Nov 112019


The pleasure of watching talented musicians take their first steps in a new venture, and then grow and evolve, and soon have their works exposed to a wide audience, is one of the more satisfying rewards of participating in a site like ours, particularly when we’ve done our own (very small) part to help them along the way.

In the case of the Portuguese band Oak, we were first drawn to their activities under that name because both members were also part of the terrific black metal band Gaerea — although the music they’ve created in Oak (a blend of mystical funeral doom and death metal) is very different. In the spring of 2018 we premiered a live recording (captured on video) for a spellbinding single called “Sculptures“, which in final form appears on their debut album, Lone. A bit later in the year we also premiered a video of the band’s live set in a chapel within the old Portuguese fortress known as Castelo de Santiago da Barra (and if you haven’t seen that video, you really must!).

And then in January of this year we devoted space to a discussion of an Oak song called “Abomination“, which was released in connection with the announcement that Transcending Obscurity Records would be releasing Lone, and that the Italian maestro Paolo Girardi had painted a fitting piece of cover art for the record. Now it’s our pleasure to premiere another of the four tracks on Lone. This one comes second in the running order (just after “Sculptures“) and its name is “Mirror“. Continue reading »

Nov 112019


(We present Andy Synn‘s review of the new album by Colorado-based Blood Incantation, which will be released on November 22nd by Dark Descent Records (NorthAm) and Century Media (Europe), and features artwork by Bruce Pennington.)

The rapid rise of Blood Incantation can, when all is said and done, be attributed to a combination of a few different factors.

First and foremost, of course, is that fact that the Colorado quartet are just a fantastic Death Metal band. No caveats, no equivocations.

They’ve got the technical talents, they’ve got the songwriting skills, and, perhaps more importantly, they’ve got just the right blend of sounds – proggy enough to keep themselves from being boxed in with the rest of the “old school” revivalists, but “classic” enough to appeal to the nostalgia-hounds – to reach a surprisingly wide audience, both young and old.

Then there’s the group’s blissfully baked, “I’m not saying it was aliens…”, aesthetic which, when combined with their impressive songcraft and easy meme-ability (the scraggly logo, the hesher-friendly merch designs, the far-out ’70s sci-fi artwork) has given rise to a near-perfect storm of viral fame and critical acclaim that’s seen the band go from “relative unknown” to “next big thing” in just a few short years.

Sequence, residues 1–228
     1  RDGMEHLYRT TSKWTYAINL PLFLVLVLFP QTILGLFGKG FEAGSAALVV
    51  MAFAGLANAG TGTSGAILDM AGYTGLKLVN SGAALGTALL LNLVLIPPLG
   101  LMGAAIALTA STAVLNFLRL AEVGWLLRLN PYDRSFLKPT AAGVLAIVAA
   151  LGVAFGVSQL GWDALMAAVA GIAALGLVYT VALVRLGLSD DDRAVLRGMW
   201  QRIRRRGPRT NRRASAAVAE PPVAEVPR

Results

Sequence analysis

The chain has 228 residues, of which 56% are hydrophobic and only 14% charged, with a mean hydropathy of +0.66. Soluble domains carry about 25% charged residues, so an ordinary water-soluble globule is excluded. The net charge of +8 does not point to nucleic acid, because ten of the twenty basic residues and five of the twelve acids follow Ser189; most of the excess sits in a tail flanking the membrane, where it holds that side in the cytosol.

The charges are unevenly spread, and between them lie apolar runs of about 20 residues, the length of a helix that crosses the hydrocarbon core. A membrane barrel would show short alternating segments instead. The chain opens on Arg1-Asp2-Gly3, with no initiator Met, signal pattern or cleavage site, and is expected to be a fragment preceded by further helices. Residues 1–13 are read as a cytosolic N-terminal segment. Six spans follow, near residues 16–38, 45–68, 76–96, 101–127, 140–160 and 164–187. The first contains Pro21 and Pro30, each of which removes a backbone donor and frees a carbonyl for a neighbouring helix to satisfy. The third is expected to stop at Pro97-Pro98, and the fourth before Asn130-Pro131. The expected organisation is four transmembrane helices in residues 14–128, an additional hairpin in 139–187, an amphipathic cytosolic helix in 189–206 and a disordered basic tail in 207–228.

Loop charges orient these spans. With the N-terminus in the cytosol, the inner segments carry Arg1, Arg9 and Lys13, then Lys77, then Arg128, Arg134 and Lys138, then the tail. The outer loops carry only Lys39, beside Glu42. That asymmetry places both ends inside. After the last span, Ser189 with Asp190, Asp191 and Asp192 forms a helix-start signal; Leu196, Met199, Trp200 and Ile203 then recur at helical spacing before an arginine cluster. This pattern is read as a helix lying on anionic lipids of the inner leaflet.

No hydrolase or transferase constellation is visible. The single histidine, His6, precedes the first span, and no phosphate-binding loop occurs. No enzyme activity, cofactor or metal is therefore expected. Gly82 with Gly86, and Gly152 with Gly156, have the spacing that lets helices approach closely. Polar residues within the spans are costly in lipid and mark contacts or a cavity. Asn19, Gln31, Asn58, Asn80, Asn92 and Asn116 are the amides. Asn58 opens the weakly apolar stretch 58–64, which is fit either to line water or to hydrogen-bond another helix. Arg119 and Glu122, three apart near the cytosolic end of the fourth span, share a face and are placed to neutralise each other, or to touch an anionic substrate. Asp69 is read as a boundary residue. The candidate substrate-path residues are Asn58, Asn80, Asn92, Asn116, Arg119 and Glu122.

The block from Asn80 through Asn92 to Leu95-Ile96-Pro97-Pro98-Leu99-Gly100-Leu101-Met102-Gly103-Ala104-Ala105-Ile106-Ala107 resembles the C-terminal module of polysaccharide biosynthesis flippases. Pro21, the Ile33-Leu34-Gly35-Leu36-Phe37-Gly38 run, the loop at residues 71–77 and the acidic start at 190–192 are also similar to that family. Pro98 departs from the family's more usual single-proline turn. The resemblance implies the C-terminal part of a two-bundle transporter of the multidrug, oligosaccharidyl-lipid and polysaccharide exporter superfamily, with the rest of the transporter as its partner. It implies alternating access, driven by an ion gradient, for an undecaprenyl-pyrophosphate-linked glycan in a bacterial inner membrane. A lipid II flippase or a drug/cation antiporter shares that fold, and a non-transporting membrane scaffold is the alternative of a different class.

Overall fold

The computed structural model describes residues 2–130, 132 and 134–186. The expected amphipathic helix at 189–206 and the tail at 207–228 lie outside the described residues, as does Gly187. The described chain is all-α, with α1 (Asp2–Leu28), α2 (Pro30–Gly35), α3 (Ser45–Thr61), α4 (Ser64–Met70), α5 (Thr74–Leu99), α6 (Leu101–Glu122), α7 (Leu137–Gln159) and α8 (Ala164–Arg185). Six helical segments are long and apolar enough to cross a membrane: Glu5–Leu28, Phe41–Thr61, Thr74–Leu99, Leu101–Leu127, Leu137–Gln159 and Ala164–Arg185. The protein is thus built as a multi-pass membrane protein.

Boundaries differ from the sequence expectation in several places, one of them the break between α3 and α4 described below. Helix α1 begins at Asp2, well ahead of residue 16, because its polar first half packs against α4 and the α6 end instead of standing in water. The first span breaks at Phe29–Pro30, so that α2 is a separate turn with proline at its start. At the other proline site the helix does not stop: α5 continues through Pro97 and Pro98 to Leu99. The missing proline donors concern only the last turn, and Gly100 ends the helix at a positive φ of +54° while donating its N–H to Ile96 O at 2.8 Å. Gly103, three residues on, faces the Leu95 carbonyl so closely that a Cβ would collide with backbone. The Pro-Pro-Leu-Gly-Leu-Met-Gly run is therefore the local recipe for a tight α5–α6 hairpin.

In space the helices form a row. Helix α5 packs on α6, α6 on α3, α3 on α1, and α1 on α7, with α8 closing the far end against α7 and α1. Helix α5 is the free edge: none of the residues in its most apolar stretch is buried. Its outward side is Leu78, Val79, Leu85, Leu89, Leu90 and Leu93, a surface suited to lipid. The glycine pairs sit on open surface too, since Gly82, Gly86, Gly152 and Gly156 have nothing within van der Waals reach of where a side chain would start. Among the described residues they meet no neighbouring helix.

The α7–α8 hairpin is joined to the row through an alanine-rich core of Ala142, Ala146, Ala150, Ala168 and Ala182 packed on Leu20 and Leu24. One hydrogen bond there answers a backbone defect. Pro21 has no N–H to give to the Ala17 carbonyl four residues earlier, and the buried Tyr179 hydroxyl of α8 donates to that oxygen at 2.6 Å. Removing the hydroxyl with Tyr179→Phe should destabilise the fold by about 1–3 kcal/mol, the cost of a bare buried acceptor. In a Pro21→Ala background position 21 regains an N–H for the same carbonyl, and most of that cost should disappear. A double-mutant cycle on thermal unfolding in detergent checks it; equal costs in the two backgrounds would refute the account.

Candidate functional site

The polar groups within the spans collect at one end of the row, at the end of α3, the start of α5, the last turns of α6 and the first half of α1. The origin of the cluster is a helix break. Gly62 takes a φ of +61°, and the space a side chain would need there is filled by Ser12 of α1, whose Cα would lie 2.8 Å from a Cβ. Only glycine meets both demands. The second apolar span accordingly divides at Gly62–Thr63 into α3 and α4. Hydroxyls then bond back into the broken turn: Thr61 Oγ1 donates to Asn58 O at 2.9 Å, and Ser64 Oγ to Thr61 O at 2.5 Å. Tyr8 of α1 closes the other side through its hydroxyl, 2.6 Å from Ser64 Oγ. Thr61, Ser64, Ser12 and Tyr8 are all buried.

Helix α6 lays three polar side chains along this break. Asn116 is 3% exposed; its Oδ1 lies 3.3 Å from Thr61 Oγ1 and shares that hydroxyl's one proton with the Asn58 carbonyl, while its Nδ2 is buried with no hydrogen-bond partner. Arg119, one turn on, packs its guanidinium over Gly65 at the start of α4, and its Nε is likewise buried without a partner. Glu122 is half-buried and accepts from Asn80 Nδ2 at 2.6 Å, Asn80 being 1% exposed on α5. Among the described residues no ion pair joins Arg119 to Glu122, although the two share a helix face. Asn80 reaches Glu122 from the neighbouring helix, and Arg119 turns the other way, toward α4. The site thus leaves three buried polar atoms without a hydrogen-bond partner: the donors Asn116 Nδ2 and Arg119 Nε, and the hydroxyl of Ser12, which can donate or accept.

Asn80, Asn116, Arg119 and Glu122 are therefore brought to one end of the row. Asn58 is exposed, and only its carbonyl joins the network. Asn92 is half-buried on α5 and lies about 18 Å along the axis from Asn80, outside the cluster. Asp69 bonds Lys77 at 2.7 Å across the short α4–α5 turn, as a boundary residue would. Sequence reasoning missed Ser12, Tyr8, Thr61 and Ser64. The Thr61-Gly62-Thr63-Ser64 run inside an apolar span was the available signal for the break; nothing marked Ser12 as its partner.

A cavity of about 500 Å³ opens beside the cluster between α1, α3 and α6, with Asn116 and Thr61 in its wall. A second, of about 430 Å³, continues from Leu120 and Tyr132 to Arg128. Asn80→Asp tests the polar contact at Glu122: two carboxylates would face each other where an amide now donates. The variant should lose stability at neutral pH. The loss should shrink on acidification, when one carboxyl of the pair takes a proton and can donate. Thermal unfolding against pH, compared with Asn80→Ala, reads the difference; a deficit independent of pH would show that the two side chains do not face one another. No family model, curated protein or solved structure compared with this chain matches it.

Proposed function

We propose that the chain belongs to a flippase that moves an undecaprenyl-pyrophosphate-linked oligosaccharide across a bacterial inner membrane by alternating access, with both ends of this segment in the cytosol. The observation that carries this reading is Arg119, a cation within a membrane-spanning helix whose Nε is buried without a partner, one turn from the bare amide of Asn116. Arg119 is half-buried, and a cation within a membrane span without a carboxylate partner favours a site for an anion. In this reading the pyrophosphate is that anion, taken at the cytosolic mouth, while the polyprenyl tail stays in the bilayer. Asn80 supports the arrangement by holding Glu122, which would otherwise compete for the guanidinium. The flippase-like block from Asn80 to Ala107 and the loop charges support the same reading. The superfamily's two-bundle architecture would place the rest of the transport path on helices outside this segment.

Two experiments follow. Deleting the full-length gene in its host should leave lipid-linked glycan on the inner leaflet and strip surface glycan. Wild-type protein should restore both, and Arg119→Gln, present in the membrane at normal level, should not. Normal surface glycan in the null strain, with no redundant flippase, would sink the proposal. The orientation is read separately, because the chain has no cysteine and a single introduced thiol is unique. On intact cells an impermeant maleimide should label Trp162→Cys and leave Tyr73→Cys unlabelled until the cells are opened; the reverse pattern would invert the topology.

And while there’s definitely a little bit of home-grown hero-worship going on with some of their more rabid (typically American) fans, the truth is that the band’s highly-anticipated second album makes a strong case for why you need to start believing the hype.

Well, most of it anyway… Continue reading »

Nov 112019


“Prepare yourselves for a death metal rocket-ride that may leave your eyes rolled back in your head, your teeth bared in your frothing mouth, your head banging in a fury, your body convulsed in a seizure.” That’s how we began introducing our June 2017 premiere of a track off Verthebral‘s debut album, Regeneration. It’s not a bad way to introduce today’s premiere either, because in the two-plus years since their debut release these high-octane death-dealers from Paraguay haven’t mellowed in the slightest.

The song we’re presenting today — “The Art of Perversion” — comes from the band’s new album, Abysmal Decay, which has a December 27 release date via Transcending Obscurity Records. As you can see, the colorful cover art by Marcos Miller is an eye-popping come-on for the album, and the music is just as hellishly attention-grabbing. Continue reading »

Nov 112019


(This is TheMadIsraeli’s review of the new album by Mayhem, which is out now via Century Media Records.)

Mayhem is one of Black Metal’s most storied names.  They were pioneers — a lot of modern stylistic conventions of black metal are owed to them, and you can hear their influence even today in much of what you listen to.  A lot of my personal favorite black metal is definitely influenced by Mayhem in significant ways, and I’m a huge fan of the band’s diverse yet admittedly hit-or-miss discography.

Although not all of their albums have hit the mark, they’ve never failed to live up to the inherently rebellious ethos of black metal, always trying something different and attempting (sometimes desperately) not to pander to expectations from release to release.  Mayhem have also often displayed a leaning toward more eccentric quirks, and kind of a flare for technical guitar work before a lot of other bands of their era did that.

So it may seem peculiar that my two favorite Mayhem records are Grand Declaration Of War and Esoteric Warfare, both which pursued really weird or chaotic tangents from black metal convention.  Grand Declaration… was almost a spoken-word recording with black metal accompaniment, and Esoteric Warfare seems to explore every extreme metal style in a black metal framework with a lot of interesting noise elements, and it really spoke to me. Continue reading »

Nov 102019



Just a few opening notes: